Uncategorized — 11 November 2014

Remembrance Day ceremonies will be held throughout the country today to commemorate the Australians who have died serving their country.

Director of the Australian War Memorial Brendan Nelson said it was important to reflect on the lives lost in conflict, particularly those lost during The Great War.

Mr Nelson said the number of Australians killed in World War I and the impact it had on the nation was beyond comprehension.

“Today, I think it shouldn’t be too much to ask every Australian to perhaps set the alarm on your phone for 10:59; and what you’re doing at 11:00, just stop for a moment and think,” he said.

“You know, we sing our national anthem regularly, ‘Australians all let us rejoice for we are young and free’.

“Just reflect on the fact that we are young and free in no small way because 102,700 Australians have given their lives in our uniform, in our name.”

In a recorded video message, Prime Minister Tony Abbott called on all Australians to pause and “remember the suffering and loss that’s occurred in all wars”.field-of-poppies-50588_1280

“This Remembrance Day marks 96 years since the guns fell silent at the end of The Great War. The Great War was the crucible in which our nation’s identity was forged,” he said.

“From a population of under 5 million, 417,000 enlisted, 332,000 served overseas, 152,000 were wounded and 61,000 never came home.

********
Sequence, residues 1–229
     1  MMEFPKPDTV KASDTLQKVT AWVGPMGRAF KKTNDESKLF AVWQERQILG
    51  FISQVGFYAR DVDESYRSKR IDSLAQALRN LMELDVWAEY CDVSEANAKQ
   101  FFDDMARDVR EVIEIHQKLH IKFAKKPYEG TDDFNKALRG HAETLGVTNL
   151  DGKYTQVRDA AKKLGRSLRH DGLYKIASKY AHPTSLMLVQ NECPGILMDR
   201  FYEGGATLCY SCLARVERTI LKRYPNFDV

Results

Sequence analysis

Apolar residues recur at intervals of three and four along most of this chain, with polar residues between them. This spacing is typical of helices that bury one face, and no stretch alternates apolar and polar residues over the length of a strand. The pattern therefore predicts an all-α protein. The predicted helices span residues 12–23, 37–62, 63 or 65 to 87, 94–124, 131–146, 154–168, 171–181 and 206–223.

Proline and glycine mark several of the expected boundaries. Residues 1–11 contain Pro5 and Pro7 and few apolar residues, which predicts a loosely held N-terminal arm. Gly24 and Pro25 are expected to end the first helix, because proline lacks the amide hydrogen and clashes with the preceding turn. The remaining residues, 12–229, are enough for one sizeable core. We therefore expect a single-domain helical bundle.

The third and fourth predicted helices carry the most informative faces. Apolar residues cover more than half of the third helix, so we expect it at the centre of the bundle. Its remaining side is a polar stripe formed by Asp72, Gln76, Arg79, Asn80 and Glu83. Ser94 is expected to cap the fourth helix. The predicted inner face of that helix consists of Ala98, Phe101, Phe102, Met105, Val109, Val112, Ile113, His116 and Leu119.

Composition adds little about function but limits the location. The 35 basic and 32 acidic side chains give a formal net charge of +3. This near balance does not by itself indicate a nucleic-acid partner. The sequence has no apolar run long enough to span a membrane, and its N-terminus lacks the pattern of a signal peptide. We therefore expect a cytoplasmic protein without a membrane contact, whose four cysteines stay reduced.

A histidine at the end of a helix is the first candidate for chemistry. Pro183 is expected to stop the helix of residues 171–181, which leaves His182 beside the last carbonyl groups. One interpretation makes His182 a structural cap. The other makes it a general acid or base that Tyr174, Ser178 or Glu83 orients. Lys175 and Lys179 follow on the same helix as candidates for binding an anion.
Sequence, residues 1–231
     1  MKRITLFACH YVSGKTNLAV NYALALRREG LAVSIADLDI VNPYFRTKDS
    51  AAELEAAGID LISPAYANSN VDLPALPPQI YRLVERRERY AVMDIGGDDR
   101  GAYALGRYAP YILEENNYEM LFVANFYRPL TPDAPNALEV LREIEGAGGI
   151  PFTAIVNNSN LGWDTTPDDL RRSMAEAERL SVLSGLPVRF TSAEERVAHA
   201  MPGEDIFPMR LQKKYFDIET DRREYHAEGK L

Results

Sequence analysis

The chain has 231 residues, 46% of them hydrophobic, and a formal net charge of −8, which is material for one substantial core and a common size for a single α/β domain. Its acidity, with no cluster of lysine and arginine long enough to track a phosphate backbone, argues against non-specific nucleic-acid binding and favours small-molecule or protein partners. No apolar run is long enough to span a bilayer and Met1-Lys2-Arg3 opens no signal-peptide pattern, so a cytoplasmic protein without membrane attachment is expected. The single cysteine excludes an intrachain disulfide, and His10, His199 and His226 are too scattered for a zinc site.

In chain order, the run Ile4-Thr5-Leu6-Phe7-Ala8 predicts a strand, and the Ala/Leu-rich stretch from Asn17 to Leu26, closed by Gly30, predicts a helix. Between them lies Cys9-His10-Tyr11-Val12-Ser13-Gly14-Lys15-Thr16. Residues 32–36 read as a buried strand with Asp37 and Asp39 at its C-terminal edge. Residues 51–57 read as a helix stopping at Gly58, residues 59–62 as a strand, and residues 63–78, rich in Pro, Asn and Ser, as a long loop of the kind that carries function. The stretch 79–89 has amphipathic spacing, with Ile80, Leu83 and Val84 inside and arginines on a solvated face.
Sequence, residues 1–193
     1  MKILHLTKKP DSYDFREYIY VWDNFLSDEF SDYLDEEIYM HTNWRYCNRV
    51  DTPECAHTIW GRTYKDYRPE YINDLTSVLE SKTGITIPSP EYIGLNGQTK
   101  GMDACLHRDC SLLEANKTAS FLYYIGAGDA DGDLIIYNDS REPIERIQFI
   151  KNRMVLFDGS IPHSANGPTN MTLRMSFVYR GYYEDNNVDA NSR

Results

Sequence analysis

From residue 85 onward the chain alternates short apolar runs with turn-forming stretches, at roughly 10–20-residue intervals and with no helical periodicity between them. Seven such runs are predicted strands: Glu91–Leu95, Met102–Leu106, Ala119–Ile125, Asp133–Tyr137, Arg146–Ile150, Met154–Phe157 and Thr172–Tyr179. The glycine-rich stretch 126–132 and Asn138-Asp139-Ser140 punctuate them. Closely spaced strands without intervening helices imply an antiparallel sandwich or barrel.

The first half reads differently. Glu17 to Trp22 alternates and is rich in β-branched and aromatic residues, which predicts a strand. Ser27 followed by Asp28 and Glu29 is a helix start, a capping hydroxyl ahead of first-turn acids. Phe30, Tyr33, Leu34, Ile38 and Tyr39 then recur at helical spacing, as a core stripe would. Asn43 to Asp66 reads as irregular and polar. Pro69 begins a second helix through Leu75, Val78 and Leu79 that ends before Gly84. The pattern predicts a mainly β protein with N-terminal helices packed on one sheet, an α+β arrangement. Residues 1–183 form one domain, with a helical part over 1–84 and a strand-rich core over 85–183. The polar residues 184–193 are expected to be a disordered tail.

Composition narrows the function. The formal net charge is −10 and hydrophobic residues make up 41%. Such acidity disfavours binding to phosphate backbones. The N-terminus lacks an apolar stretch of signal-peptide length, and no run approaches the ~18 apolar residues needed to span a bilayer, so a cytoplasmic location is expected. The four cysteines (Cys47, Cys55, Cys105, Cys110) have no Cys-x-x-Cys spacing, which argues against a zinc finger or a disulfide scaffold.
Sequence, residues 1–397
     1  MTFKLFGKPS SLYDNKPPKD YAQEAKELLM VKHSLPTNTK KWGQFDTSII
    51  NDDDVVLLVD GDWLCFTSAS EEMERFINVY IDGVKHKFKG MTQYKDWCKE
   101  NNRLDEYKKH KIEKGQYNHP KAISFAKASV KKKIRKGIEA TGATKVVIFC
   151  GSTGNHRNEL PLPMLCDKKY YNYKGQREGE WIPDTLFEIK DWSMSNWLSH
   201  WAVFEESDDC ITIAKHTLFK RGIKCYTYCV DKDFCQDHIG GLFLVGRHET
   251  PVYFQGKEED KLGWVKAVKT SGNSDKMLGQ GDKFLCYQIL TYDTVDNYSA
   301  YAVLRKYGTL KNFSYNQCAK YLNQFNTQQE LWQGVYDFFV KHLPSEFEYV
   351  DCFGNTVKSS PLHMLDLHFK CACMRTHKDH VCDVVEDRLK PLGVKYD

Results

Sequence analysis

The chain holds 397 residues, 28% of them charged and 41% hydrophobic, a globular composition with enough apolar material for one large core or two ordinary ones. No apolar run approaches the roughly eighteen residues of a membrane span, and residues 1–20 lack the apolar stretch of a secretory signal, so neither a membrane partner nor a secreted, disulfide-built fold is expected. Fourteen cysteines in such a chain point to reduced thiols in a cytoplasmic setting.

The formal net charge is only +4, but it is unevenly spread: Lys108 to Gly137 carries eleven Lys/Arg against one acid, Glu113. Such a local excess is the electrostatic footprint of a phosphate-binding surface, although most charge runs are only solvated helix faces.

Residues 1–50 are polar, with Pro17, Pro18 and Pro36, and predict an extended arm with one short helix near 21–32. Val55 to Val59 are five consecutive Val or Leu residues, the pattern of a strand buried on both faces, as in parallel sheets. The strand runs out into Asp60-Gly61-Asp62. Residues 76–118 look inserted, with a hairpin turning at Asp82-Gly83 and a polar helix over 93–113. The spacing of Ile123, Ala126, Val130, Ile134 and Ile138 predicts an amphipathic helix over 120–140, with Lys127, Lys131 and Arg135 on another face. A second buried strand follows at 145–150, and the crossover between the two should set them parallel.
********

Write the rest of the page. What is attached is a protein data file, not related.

“Today we will remember the courage, achievements, pain and loss of all who have served in our name and we draw strength from their memory. Lest we forget.”

In Canberra, former prime minister John Howard will deliver the commemorative address before a minute’s silence at 11:00am.

While Victoria will today unveil its $45 million redevelopment of Melbourne’s Shrine of Remembrance.

A new gallery and education space will be opened to mark the 80th anniversary of the shrine, and will be officially dedicated after the Remembrance Day ceremony.

The Shrine of Remembrance Foundation’s chief executive Denis Baguley said the Galleries of Remembrance was an important addition.

“It really will ensure that the shrine will remain relevant for future generations. After all our World War II veterans have passed on. So it’s a very important project in the sense of not only commemoration but education,” he said.

A day to remember returned veterans from recent conflicts

The Returned and Services League of Australia (RSL) has urged people to use Remembrance Day to also reflect on those young veterans who have returned from recent conflicts with mental health and substance abuse issues.

President of the Tasmanian RSL, Robert Dick, said almost half of all Tasmanian men fought in the war.

“The Tasmanian presence was very strong, for an area that had a very small population at the time,” he said.

“Of the Tasmanians that actually went and served at the Western Front and at Gallipoli and the Middle East, one in four did not come home, they actually died either of wounds or were killed outright.”

New South Wales RSL president Don Rowe said many young veterans in their 20s and 30s were struggling to return to civilian life after tours of duty in Afghanistan, Iraq and Timor.

He said the sale of red poppies on Remembrance Day was part of an RSL fundraising drive to give returned soldiers the support and services they needed.

“Mental illness obviously is a very large issue. We’re also finding that the homeless issue is another one that’s happening out there to those who’ve served,” he said.

“A number of them just need help and support out there to just get their lives back into order … after serving in our defence forces.”

This article first appeared on ‘ on 11 November 2014.

 

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